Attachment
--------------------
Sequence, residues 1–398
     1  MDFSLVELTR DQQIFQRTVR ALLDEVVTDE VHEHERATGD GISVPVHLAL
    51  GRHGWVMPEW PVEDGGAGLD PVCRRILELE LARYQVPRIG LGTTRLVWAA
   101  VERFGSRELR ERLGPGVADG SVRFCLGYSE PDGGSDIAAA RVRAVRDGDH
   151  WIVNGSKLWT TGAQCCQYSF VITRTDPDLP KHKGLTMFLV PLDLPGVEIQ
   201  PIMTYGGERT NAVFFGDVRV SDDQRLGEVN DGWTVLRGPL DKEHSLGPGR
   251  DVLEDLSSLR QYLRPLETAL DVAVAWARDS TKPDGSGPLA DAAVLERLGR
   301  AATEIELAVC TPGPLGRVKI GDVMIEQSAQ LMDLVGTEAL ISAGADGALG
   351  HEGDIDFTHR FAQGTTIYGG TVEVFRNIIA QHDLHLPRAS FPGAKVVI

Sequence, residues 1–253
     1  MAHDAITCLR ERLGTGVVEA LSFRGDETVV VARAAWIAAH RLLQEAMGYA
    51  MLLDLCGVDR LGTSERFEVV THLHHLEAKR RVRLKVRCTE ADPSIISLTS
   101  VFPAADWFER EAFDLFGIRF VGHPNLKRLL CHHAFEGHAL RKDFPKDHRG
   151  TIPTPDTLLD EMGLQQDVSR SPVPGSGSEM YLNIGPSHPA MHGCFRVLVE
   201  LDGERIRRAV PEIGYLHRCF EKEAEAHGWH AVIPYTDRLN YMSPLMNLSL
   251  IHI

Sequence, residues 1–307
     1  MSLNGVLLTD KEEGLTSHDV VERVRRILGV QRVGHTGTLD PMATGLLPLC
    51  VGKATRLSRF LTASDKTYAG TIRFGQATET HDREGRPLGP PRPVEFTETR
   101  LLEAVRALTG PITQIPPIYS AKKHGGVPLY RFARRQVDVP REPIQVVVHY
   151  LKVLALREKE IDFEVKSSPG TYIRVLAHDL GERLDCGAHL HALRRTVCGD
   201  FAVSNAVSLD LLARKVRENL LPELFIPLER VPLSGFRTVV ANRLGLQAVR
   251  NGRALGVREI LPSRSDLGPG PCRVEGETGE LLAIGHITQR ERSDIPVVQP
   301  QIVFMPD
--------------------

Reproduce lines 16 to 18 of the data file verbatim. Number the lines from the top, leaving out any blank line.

   251  IHI

Sequence, residues 1–307
     1  MSLNGVLLTD KEEGLTSHDV VERVRRILGV QRVGHTGTLD PMATGLLPLC